South Ossetia war, 9 years on: EU probe ignored, ‘nobody paid price’ for bloodshed
South Ossetia these days is remembering and mourning the victims of the conflict known as the Five-Day War, in which up to 2,000 civilians and over 70 Russian peacekeepers were killed. In the early morning hours of August 8, the Georgian military launched an assault on the South Ossetian capital, Tskhinval, shelling the city with Grad multiple rocket launchers.
The conflict also cost Georgian lives, with over 150 military personnel and nearly 200 civilians killed.
Memorial events this year included an official visit to the Museum of Burned Souls near Tskhinval. The memorial was built at the site where in August 2008, civilian vehicles came under heavy fire from Georgian troops as people were trying to help their relatives escape the constant shelling in the city.
The Russian mission was present in the region, according to previous international agreements, to guarantee peace in the then-self-proclaimed republics of South Ossetia and Abkhazia. Having violated a previous ceasefire, Tbilisi launched an offensive to try and bring the territories back under its control.
A decades-long uneasy relationship between Georgians and Ossetians began to gain momentum amid the rising nationalism in the late 1980s, not long before the collapse of the Soviet Union. A 1990 ban on regional parties by the Georgian Supreme Council led to Ossetians proclaiming South Ossetia a Soviet Democratic Republic, fully sovereign within the USSR. A violent conflict then broke out in 1991, ended with a ceasefire and the establishment of a peacekeeping force of Ossetians, Russians, and Georgians.
"The attack on the peacefully sleeping Tskhinval and the Russian peacekeepers stationed in the city was devised and carried out by the Georgian leadership in a way that was cynical and treacherous. The worst thing about it is that it claimed the lives of peaceful civilians. This barbarity had to be stopped," Russian Prime Minister Dmitry Medvedev, who headed the country during the time of the attack, wrote on his official Facebook page on Tuesday.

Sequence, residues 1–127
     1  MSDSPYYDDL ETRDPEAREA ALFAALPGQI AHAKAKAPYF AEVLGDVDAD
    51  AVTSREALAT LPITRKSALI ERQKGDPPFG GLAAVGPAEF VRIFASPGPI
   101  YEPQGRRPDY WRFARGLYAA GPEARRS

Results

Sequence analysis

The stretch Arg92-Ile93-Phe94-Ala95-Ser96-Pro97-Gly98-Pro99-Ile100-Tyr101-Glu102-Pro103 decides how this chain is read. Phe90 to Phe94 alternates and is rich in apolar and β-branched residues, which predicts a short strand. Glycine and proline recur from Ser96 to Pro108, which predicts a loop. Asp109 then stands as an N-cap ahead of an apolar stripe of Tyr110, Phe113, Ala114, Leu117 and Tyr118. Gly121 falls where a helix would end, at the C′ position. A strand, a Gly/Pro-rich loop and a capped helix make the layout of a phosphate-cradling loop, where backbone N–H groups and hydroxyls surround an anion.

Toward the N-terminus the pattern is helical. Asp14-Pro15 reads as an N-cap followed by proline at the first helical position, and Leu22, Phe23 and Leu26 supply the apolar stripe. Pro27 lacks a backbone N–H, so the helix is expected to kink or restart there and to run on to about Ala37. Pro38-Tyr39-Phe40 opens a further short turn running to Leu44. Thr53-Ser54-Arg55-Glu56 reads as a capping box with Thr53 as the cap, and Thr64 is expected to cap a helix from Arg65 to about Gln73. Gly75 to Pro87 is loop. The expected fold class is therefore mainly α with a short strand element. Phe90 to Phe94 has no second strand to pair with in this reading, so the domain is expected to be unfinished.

"Russia conducted a peace enforcement operation. There was no other way: both the law and our conscience compelled us," Medvedev added.
After Moscow’s failed attempts to secure an urgent UN-brokered ceasefire, Medvedev made the decision to send troops in to keep the peace in the border region. In a matter of days, they put an end to the violence. The Russian military pushed the Georgian forces back from their offensive positions, and withdrew from Georgia. Moscow recognized the independence of the then-self-proclaimed Republic of South Ossetia, while Georgia cut off diplomatic ties with Russia.
EU report: Conflict started with massive Georgian attack
In December 2008, the Council of the European Union established an Independent International Fact-Finding Mission on the events in South Ossetia and Georgia, saying that it was "the first time in its history that the European Union has decided to intervene actively in a serious armed conflict."
The mission later concluded a report which stated that the 2008 conflict "started with a massive Georgian artillery attack" on Tskhinval and the surrounding areas.
The inquiry specifically stated that "there was no ongoing armed attack by Russia before the start of the Georgian operation. Georgian claims of a large-scale presence of Russian armed forces in South Ossetia prior to the Georgian offensive on 7/8 August could not be substantiated by the Mission."
"It could also not be verified that Russia was on the verge of such a major attack, in spite of certain elements and equipment having been made readily available. There is also no evidence to support any claims that Russian peacekeeping units in South Ossetia were in flagrant breach of their obligations under relevant international agreements," the EU report said.
Swiss diplomat Heidi Tagliavini, who headed the independent international fact-finding mission, also rejected Tbilisi's "self-defense" claims against alleged Russian aggression.
Breaking information blockade
The start of the war was marked by a near-complete media blackout in the West despite the heavy Georgian shelling of civilians with multiple rocket launchers. However, as soon as the Russian troops stepped in, coverage of perceived Russian "aggression" made international headlines.
US citizen Amanda Kokoeva was presented with an Award of Friendship from South Ossetian President Anatoly Bibilov for challenging the mainstream media narrative at the time of the conflict. Kokoeva and her aunt were infamously cut off live on Fox News when they began speaking about the Georgian, not Russian, aggression.